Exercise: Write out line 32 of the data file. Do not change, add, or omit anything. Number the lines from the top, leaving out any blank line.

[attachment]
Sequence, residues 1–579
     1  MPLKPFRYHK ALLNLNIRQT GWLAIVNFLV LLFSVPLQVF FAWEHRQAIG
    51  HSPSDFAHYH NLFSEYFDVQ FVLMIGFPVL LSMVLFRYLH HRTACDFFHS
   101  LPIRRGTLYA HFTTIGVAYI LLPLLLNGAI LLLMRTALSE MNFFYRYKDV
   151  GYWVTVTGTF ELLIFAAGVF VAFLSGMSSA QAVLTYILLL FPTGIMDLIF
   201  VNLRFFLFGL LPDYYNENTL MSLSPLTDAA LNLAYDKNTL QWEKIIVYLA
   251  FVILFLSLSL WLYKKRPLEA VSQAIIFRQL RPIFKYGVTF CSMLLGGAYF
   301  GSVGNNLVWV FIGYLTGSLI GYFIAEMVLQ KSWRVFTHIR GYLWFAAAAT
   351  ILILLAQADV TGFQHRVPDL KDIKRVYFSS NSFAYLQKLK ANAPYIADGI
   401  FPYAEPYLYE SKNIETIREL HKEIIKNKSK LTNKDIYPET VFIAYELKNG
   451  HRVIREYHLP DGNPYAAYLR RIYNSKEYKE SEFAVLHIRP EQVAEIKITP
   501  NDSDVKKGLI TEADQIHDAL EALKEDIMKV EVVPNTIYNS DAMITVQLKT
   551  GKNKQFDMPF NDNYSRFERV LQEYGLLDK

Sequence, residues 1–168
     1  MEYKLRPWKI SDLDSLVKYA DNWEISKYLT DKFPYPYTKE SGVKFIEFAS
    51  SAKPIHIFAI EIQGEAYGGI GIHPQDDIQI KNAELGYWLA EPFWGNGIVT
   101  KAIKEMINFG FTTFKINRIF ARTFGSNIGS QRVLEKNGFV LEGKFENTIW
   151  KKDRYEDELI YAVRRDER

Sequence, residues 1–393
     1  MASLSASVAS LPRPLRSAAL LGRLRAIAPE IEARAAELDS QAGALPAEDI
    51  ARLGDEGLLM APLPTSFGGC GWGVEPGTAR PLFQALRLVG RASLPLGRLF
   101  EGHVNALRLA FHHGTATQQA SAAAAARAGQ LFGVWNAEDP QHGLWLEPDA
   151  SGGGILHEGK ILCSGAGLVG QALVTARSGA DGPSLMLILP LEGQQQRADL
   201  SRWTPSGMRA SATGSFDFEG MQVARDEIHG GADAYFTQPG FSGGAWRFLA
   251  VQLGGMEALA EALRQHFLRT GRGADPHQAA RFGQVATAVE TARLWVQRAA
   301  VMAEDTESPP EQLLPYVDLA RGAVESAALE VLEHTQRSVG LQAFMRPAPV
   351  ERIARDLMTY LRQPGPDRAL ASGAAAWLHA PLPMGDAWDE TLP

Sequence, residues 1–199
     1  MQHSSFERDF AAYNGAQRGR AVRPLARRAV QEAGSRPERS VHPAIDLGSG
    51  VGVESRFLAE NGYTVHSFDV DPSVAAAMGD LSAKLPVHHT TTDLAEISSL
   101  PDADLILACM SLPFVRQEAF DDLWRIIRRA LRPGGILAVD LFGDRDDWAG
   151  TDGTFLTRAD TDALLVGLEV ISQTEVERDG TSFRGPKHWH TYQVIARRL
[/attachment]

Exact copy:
   151  TDGTFLTRAD TDALLVGLEV ISQTEVERDG TSFRGPKHWH TYQVIARRL